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Uitwaaien: a Dutch practice for reducing stress

Some people like walking in the rain. I don’t but I’ve always loved walking in the wind. Whenever I feel stressed or headachey, I find the wind helps clear my mind, refreshes and re-energises me. It turns out that is a valid practice for reducing stress and in the Netherlands they call this Uitwaaien (pronounced OUT-vwy-ehn).

What is Uitwaaien?

It translates as outblowing and refers to spending time outdoors in the wind. This could involve walking, running, bike riding, playing sport, socialising or picnicing in the wind.

Caitlin Meyer, a lecturer at the University of Amsterdam’s Department of Dutch Linguistics explains that originally the term referred to things blowing about, like a flag flapping or flame flickering in the wind. In the 1800’s it also implied freshening up your clothes by pegging them on a line and allowing them to blow in the wind. By the 1900’s it extended to meaning freshening up yourself. Meyer says in the Netherlands, uitwaaien, is “seen as a pleasant, easy, and relaxing experience—a way to destress or escape from daily life.”

When one says ‘I’ve gotta get uitwaaien,’ it means I’ve got to clear my head and get away from distractions.

Benefits of Uitwaaien

Seeing things move in the wind, such as plants, water, signs, your clothes, hair and even rubbish is enough to keep you engaged and looking at it, but not enough that you have to concentrate or multitask which is what helps you clear your mind and reduce stress. Therefore the main benefits of uitwaaien are:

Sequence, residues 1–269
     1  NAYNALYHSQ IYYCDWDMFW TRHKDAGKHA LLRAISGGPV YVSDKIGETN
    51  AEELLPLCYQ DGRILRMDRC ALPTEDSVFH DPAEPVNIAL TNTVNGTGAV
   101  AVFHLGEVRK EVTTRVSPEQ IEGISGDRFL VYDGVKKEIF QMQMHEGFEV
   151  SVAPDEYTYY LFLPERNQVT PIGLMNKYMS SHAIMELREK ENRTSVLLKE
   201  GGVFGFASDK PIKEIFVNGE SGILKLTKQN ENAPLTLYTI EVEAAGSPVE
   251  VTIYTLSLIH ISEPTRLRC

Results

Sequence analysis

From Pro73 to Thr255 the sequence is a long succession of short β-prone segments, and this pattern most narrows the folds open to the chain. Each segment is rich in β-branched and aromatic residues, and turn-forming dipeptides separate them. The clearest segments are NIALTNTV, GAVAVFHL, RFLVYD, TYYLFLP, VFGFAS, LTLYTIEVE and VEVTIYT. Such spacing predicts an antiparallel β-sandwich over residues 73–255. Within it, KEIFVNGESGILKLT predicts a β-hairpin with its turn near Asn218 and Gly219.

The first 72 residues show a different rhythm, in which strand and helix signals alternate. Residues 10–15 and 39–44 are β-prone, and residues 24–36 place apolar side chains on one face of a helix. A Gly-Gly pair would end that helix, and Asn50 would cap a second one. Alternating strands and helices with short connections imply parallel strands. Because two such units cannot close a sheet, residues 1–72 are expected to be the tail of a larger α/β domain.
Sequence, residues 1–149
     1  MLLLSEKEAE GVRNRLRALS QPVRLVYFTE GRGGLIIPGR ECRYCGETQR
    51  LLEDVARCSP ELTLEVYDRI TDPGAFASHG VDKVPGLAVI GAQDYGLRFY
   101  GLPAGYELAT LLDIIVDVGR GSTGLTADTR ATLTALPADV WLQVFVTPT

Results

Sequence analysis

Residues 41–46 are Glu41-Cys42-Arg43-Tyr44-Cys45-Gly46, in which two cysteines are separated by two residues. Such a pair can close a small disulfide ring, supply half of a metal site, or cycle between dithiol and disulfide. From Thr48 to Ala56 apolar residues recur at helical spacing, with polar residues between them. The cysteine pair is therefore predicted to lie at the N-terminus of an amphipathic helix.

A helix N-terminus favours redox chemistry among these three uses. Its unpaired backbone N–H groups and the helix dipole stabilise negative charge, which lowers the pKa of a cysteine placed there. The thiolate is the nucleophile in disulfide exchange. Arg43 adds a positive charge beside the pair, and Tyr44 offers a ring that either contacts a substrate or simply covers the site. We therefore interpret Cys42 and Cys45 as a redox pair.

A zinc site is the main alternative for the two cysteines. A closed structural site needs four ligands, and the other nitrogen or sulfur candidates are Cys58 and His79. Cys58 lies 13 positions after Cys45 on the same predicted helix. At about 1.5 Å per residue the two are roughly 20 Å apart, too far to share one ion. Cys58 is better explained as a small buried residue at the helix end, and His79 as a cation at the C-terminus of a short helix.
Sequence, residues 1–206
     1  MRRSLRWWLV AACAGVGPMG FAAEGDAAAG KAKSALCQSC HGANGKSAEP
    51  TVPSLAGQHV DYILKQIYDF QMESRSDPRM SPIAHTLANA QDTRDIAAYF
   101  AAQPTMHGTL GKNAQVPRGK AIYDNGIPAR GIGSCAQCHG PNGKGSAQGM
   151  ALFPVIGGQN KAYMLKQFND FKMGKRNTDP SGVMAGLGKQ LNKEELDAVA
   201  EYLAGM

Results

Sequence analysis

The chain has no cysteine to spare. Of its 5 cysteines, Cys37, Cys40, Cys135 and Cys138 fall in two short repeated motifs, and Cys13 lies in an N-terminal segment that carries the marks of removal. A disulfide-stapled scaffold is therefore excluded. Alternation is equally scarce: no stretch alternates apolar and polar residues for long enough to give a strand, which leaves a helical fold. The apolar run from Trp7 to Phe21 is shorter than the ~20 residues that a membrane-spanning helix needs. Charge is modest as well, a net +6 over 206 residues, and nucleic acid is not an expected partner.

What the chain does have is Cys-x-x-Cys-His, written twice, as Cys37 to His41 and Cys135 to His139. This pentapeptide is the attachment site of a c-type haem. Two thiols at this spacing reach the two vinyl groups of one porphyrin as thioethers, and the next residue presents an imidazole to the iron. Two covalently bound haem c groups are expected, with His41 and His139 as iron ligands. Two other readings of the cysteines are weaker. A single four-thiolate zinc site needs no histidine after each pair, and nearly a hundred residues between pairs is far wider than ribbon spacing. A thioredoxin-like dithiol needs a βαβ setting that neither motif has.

How to practice Uitwaaien

On a windy day consider:

  • Talking a walk at lunch time. Even if you live or work in a built up environment, a quick walk in the wind will re-energise you.

  • If commuting to work, get off a stop earlier and walk the rest of the way in the wind.

  • If driving to the shops, the gym or a friend’s house, park further away and walk to your destination.

  • Have a walking work or social meeting. Research shows that being outside can boost creative thinking and problem-solving skills.

  • Get some gardening in.

  • Run or bike ride in the wind.

  • Ride a horse.

  • Get on the water in a sail boat, on a tour boat or even just walk/jog/bike along the edge of a river, lake or sea.

  • Organise a quick sporting activity outside.

  • Take a hot drink outside and mindfully notice what you can see, hear, feel.

  • Sit with a friend/s and catch up over a drink and something easy to eat that won’t blow away in the wind.

Over to you

How will you practice Uitwaaien on the next windy day?


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